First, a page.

Sea level rise is transforming the U.S. coastline across the country, but researchers have noticed that the rate of sea level rise has increased faster in the last decade around the Gulf and Southeastern coasts.
In a new study published in Nature Communications, researchers from Tulane University found rates of sea level rise of about 10 mm (0.4 inches ) per year around Gulf states and the Southeast since 2010.
They compared a combination of field and satellite measurements from 1900 to 2021 and noticed record rates of sea level rise in the last 12 years. Researchers referred to the accelerated rate as “unprecedented in at least 120 years.” A little under half an inch of sea level rise may seem small, but average sea level has risen by about 0.14 inches a year since the early 1990s, according to the Environmental Protection Agency. They also noticed that the acceleration spans from the Gulf of Mexico up to Cape Hatteras in North Carolina. Higher-than-average rates of sea level rise were also recorded in the Caribbean.
The team examined different factors that could have affected ice-mass loss and air pressure in the region. They couldn’t connect those to the sea level rise in the Gulf and Southeast. Because of this, they came to the conclusion that this is a result of human-caused climate change combined with natural variability in the ocean. The last 12 years, the accelerated rates of sea level rise have correlated with the expansion of the Subtropical Gyre that includes the North Atlantic Ocean and the Caribbean, according to the study. Gyres are systems of rotating ocean currents. Ocean warming and changing wind patterns have altered currents in the gyre, according to the study. Warming water expands, which contributes to some of the rapid sea level rise.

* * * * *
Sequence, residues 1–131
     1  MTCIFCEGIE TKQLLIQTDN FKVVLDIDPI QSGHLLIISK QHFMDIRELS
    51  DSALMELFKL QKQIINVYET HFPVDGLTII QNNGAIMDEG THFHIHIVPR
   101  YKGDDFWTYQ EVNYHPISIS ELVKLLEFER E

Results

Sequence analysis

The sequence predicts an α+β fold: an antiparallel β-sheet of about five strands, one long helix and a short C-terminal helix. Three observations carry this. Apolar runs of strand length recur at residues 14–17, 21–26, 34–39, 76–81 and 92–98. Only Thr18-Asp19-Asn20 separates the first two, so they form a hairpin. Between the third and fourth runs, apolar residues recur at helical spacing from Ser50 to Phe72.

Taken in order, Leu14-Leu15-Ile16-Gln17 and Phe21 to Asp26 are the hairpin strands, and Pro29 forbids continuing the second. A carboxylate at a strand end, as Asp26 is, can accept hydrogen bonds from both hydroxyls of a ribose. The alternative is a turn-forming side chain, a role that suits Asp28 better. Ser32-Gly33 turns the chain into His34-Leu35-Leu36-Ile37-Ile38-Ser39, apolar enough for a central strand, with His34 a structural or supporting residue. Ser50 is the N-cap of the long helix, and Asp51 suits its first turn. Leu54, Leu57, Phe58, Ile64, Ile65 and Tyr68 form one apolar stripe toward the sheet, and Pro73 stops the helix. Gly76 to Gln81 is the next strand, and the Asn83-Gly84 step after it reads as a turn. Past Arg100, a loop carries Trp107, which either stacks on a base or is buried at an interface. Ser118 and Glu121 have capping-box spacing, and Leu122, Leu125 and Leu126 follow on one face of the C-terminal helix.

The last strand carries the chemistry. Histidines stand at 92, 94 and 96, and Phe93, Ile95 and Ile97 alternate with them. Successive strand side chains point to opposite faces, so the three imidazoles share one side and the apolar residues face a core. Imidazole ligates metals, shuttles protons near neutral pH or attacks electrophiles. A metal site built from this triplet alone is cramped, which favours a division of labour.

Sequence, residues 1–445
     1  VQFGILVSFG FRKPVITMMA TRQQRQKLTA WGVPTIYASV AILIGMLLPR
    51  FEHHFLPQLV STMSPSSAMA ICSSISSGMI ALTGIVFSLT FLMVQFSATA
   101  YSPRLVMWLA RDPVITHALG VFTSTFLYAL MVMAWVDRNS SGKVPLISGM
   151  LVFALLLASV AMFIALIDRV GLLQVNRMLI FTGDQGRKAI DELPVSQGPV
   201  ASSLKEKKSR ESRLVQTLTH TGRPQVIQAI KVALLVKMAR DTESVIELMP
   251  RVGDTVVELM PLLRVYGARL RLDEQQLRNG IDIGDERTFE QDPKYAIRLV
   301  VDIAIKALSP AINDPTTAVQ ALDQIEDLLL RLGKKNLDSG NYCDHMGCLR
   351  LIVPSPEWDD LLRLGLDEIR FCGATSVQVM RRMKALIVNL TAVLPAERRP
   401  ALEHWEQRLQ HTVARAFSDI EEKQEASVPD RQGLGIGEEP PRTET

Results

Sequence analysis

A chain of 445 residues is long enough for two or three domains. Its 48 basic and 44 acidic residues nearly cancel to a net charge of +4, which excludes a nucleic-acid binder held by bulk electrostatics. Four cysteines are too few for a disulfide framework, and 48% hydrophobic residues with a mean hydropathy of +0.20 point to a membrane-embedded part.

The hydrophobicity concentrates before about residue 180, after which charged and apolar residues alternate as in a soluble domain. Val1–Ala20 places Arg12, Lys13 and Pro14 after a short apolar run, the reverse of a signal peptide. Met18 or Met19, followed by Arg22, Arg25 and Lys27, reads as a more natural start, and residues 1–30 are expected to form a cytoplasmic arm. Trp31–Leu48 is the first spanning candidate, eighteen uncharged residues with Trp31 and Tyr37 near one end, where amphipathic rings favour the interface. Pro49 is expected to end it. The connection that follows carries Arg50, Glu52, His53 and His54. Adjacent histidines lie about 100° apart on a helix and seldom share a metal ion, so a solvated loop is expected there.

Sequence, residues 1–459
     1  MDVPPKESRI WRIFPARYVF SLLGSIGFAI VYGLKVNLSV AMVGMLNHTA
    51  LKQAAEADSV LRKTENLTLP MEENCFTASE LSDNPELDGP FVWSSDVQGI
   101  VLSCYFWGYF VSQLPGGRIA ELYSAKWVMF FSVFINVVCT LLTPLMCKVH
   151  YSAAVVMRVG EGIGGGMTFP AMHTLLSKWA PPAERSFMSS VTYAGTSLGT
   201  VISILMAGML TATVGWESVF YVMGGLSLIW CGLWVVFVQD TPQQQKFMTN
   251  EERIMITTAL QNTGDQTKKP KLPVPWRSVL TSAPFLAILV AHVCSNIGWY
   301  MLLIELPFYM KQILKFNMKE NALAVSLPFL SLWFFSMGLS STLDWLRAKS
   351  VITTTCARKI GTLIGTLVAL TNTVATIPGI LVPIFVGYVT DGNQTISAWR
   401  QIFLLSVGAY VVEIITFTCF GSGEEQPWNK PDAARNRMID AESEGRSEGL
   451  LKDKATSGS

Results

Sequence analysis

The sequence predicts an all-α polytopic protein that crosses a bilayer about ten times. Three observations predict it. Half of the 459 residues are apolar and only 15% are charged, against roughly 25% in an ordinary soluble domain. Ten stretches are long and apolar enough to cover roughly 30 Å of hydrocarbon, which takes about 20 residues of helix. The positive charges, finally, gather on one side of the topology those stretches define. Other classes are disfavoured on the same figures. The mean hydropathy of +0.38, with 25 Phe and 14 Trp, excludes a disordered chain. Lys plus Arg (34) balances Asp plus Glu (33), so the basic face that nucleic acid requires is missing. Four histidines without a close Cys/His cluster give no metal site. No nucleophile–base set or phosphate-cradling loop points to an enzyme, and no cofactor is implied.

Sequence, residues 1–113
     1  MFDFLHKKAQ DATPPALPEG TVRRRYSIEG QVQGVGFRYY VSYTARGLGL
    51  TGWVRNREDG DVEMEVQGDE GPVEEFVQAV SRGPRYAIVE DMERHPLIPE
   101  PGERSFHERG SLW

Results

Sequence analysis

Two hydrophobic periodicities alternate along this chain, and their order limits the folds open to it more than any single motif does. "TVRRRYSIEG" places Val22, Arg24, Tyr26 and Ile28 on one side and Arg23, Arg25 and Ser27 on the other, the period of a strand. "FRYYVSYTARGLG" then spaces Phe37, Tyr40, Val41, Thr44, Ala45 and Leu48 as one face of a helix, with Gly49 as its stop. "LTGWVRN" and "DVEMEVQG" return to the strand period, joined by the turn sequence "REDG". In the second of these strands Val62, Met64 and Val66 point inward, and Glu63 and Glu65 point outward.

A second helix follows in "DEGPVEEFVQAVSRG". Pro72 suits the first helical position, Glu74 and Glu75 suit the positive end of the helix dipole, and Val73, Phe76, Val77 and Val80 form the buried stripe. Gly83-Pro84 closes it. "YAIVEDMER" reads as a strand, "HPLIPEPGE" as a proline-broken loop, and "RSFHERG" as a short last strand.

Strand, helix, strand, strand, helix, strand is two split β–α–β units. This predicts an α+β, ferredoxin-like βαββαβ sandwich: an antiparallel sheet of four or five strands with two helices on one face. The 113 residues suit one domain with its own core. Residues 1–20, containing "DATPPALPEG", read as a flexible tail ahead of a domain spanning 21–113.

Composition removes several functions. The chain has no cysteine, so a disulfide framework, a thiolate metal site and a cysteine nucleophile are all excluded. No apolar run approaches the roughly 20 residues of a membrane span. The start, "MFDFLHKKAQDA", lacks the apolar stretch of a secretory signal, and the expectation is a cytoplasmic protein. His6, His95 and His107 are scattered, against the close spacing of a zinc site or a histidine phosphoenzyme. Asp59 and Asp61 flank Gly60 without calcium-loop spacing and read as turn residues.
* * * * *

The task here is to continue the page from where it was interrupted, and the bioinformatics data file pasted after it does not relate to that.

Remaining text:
It’s not clear if the ocean variability will continue or how. The observed rate of sea level rise has worsened coastal flooding, a trend already set in motion by climate change. “These high rates of sea-level rise have put even more stress on these vulnerable coastlines, particularly in Louisiana and Texas where the land is also sinking rapidly,” Torbjörn Törnqvist, co-author and an environmental science professor at Tulane, said in a statement.
Törnqvist is right. Gulf states like Louisiana are struggling with erosion. According to data from the U.S. Geological Survey, that state lost an estimated 2,000 square miles of land between 1932 and 2016. That’s an area larger than the state of Rhode Island. According to the Texas General Land Office, 64% of the Texas coast is eroding at about 6 feet per year, and the average rate of erosion for that state is about 4 feet per year. Sea level rise has been a known risk for Florida’s coast for a long time, but flooding and king tides are projected to happen more often in the sunshine state in the near future. Increased flooding has also messed with the real estate market, as homeowners in flood zones could see property values plunge.
“Results, once again, demonstrate the urgency of the climate crisis for the Gulf region. We need interdisciplinary and collaborative efforts to sustainably face these challenges,” said Sönke Dangendorf, study author and a Tulane professor.
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